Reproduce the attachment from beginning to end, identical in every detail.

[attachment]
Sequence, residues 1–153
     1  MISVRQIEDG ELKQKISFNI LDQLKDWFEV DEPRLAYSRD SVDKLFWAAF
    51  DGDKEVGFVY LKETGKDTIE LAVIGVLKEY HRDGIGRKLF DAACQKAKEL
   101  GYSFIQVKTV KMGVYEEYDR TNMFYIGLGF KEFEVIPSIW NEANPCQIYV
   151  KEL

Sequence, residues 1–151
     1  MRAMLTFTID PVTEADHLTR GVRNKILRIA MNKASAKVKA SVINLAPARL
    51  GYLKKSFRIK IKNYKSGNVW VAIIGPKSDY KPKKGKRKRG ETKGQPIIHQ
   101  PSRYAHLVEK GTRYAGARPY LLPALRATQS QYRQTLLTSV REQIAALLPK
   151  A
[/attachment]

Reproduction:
Sequence, residues 1–153
     1  MISVRQIEDG ELKQKISFNI LDQLKDWFEV DEPRLAYSRD SVDKLFWAAF
    51  DGDKEVGFVY LKETGKDTIE LAVIGVLKEY HRDGIGRKLF DAACQKAKEL
   101  GYSFIQVKTV KMGVYEEYDR TNMFYIGLGF KEFEVIPSIW NEANPCQIYV
   151  KEL

Sequence, residues 1–151
     1  MRAMLTFTID PVTEADHLTR GVRNKILRIA MNKASAKVKA SVINLAPARL
    51  GYLKKSFRIK IKNYKSGNVW VAIIGPKSDY KPKKGKRKRG ETKGQPIIHQ
   101  PSRYAHLVEK GTRYAGARPY LLPALRATQS QYRQTLLTSV REQIAALLPK
   151  A